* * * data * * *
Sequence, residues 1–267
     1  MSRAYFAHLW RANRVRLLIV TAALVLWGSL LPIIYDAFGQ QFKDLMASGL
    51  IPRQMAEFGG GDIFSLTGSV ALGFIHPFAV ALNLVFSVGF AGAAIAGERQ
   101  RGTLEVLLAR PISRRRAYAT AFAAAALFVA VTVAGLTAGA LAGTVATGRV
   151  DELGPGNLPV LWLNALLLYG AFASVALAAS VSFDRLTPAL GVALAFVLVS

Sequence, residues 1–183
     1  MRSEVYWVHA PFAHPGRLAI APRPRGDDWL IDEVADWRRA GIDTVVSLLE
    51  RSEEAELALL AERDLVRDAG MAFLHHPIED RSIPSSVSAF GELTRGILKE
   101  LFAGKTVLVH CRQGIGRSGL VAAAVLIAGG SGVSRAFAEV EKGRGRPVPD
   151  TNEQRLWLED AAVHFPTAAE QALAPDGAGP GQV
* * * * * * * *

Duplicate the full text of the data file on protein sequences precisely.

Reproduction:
Sequence, residues 1–267
     1  MSRAYFAHLW RANRVRLLIV TAALVLWGSL LPIIYDAFGQ QFKDLMASGL
    51  IPRQMAEFGG GDIFSLTGSV ALGFIHPFAV ALNLVFSVGF AGAAIAGERQ
   101  RGTLEVLLAR PISRRRAYAT AFAAAALFVA VTVAGLTAGA LAGTVATGRV
   151  DELGPGNLPV LWLNALLLYG AFASVALAAS VSFDRLTPAL GVALAFVLVS

Sequence, residues 1–183
     1  MRSEVYWVHA PFAHPGRLAI APRPRGDDWL IDEVADWRRA GIDTVVSLLE
    51  RSEEAELALL AERDLVRDAG MAFLHHPIED RSIPSSVSAF GELTRGILKE
   101  LFAGKTVLVH CRQGIGRSGL VAAAVLIAGG SGVSRAFAEV EKGRGRPVPD
   151  TNEQRLWLED AAVHFPTAAE QALAPDGAGP GQV